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Gluten is a naturally occurring group of proteins in cereal grains which makes bread dough elastic and chewy and gives pasta its structure. Besides being found in grains, it is very common in more-or-less all processed foods, including foods many consumers would imagine were gluten-free, from processed meats to ready-made meals, soy sauce, blue cheese, brown rice syrup, and what ingredients labels call “flavor enhancer.” It may also be found in everyday products such as medicines, vitamins, and lip balms.
Oats are naturally gluten-free, but cross-contamination is a major problem. If oats are grown in a field that previously grew other gluten-containing grains, some of those grains will naturally grow in the oat field the next year, and they will contaminate next year’s oats. Cross-contamination can also occur if the farmer uses the same equipment to process all his grains, or the transport company bringing the oats to the processor has stored and transported other grains, or if the processor processes other gluten-containing grains. The same problem occurs with corn chips and corn tortillas—there is a high level of gluten cross-contamination. For these reasons, celiacs and those people eating gluten-free should purchase only certified gluten-free oats and corn products.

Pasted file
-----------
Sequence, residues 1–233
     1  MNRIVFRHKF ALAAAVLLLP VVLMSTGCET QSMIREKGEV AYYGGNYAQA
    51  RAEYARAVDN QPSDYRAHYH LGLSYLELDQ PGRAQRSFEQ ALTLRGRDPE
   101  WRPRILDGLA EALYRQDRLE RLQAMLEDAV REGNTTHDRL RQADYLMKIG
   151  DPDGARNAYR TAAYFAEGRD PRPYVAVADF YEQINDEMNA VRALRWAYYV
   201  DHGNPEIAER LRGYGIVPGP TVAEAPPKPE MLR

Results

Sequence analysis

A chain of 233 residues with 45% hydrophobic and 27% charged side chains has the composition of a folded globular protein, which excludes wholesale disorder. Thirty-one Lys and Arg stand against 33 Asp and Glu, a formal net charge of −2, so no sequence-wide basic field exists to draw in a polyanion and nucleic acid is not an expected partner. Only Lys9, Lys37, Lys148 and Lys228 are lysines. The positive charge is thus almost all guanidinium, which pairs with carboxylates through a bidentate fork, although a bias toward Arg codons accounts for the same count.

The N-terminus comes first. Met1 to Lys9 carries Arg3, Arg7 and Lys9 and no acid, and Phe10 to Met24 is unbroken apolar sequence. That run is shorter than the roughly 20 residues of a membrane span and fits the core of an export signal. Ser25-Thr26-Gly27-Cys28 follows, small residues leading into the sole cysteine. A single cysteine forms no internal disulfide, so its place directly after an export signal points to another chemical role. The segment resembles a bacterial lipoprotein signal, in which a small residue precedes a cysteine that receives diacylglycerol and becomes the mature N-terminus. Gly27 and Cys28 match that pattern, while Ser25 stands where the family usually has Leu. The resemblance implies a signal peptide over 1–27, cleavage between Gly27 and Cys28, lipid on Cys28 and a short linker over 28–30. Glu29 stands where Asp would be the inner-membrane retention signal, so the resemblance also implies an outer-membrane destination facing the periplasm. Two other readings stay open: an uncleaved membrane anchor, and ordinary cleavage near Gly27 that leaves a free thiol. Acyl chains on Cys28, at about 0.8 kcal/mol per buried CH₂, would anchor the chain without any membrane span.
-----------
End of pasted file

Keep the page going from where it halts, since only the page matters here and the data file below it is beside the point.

Prof. Markku Mäki, head of a gluten research at the Academy of Finland’s Research Program on Nutrition, Food, and Health, has been at the forefront of gluten research worldwide for over three decades. He estimates that around 75% of people with gluten intolerance remain undiagnosed owing to mild or atypical symptoms. However, he argues that continued exposure can lead to full-blown celiac disease later in life, explaining the fact that typically around twice as many of people over age 50 have celiac disease as compared with their younger counterparts. His group has also shown that while gluten intolerance may be inherited by many, it may also be triggered by environmental factors, including exposure to particular viruses. Gluten intolerance is the most common genetic disorder in North America and Europe, although it is found in populations all over the world.